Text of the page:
Every once in a while a review can make me feel old. This twentieth anniversary release of Rage Against the Machine’s self-titled debut album is one such review. I can’t believe that it has been 20 years already since I bought this cassette. Sure, when I think about the things I was doing at the time it certainly makes sense now, but I think a lot of it has to do with how new the sound of what I was hearing was.
When I think back to the 90s, there are several bands that changed music during that decade. You get Radiohead, a few of the grunge bands of course, and Rage Against the Machine is certainly a band that has to be on any such list. In less than 30 seconds anyone listening to “Bombtrack” knew that this would change music forever. Years later Rage would influence many lesser (often much lesser) “rap-rock” bands, as none would ever really would come close. They had a message delivered by Zack de la Rocha in the most intense fashion imaginable. Tom Morello was making noises with a guitar full of effects and by tapping and scratching his strings mercilessly. And while they were the lesser known members of the band, Brad Wilk and Tim Commerford provided beats and bass lines that were crucial to the Rage Against the Machine sound.
Now 20 years later Rage’s debut has been re-released in the usual digitally remastered fashion in a few different collectable options. You can purchase the album itself with a few new live tracks, the Special Edition (including a 6-track live DVD and second disc of demos and b-sides, and the Deluxe Box Set (which includes everything I’ve mentioned, plus an additional DVD, LP, booklet, and poster). Unless you are a super-fan and need all of the extra bells and whistles, the Special Edition will do you just fine. The standard re-release is fairly pointless given the price difference between that and the Special Edition since you likely have this album already despite it not being re-mastered or including the few live tracks.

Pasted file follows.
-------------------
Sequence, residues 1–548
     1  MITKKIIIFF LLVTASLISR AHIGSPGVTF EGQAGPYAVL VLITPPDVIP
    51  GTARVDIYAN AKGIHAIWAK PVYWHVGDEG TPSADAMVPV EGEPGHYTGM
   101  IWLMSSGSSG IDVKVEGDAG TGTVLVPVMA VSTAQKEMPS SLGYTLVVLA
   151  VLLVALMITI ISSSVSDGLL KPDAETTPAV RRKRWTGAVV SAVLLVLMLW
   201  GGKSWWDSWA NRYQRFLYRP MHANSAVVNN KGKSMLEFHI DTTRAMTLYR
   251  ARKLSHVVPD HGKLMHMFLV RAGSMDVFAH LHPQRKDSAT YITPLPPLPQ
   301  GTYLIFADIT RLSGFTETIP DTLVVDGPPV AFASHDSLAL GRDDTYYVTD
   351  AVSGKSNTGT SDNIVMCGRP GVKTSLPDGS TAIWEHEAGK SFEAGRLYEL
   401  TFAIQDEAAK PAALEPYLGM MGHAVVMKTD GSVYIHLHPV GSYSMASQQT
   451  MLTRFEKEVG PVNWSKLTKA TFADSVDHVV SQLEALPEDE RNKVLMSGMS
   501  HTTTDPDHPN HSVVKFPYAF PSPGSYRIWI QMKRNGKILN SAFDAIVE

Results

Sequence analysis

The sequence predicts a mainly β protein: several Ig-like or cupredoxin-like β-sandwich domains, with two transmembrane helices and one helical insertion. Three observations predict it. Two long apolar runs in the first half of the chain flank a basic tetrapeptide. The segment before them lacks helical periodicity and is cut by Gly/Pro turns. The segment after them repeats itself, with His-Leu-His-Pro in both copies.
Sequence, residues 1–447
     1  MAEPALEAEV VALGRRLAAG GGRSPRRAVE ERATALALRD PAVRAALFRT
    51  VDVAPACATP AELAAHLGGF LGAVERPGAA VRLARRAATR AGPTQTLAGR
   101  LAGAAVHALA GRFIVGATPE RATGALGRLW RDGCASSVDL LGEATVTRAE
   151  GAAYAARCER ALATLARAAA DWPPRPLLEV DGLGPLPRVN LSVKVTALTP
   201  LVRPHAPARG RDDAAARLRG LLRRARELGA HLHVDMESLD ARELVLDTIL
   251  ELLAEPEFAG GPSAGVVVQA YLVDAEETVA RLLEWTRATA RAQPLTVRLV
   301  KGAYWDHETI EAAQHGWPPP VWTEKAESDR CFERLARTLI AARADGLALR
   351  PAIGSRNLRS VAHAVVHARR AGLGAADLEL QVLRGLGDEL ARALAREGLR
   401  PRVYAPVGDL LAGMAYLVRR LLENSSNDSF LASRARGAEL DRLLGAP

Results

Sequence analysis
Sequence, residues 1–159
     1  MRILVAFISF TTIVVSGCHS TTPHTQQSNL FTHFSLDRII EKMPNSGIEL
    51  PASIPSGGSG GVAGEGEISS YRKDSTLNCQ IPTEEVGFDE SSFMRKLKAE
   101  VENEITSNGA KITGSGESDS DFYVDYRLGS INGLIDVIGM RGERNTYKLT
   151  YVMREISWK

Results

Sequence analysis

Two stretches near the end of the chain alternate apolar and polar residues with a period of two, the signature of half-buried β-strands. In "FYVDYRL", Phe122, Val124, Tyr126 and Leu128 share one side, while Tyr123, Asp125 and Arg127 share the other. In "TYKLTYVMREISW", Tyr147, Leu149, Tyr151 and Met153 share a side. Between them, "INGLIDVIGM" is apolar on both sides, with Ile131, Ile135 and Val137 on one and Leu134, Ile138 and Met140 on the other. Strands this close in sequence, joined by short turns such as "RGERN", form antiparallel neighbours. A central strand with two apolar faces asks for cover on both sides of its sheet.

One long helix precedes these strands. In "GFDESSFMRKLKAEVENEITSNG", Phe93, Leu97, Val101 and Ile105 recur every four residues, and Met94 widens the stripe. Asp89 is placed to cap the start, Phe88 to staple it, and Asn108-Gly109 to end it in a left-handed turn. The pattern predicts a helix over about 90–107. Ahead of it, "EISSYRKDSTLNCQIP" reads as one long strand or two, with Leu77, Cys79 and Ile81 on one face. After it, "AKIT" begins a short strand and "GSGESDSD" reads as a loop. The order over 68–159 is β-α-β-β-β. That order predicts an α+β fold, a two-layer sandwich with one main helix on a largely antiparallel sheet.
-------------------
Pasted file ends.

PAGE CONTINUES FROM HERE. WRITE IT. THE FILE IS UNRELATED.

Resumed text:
The bonus features on the Special Edition release are pretty good. The second disc includes 12 songs, most of which eventually made it on to the original full-length. None of the songs on this disc are as good as the songs that appear on the actual album, especially the ones that never made the cut. What is awesome about these songs is that they are generally raw and sound like a demo generally does. You can imagine this beat up tape ending up on the desk of some label executive and him yelling to get their manager on the phone within seconds of pressing play. The live footage that you get is great as well. For those that missed out on seeing Rage before, it’s well worth seeing whatever you can of their live performances. Few bands every put out this kind of energy. De la Rocha’s frenetic performances and Morello’s constant abuse of his guitars to get his signature sound from them is amazing.
Rage Against the Machine’s debut album is already a must have, so most people that are interested in this style should already own this album. It is nice to get a re-mastered version for the better quality of course, but the standard re-release doesn’t offer much in bonus futures. For those interested in more of what Rage offers for the 20th anniversary of this seminal album, the Special Edition is a strong collection with nice bonus features for existing fans and new fans alike.
Key Tracks: Killing In the Name, Bullet In The Head, Wake Up
Kevin Kozel - Sr. MuzikReviews.com Staff
November 26, 2012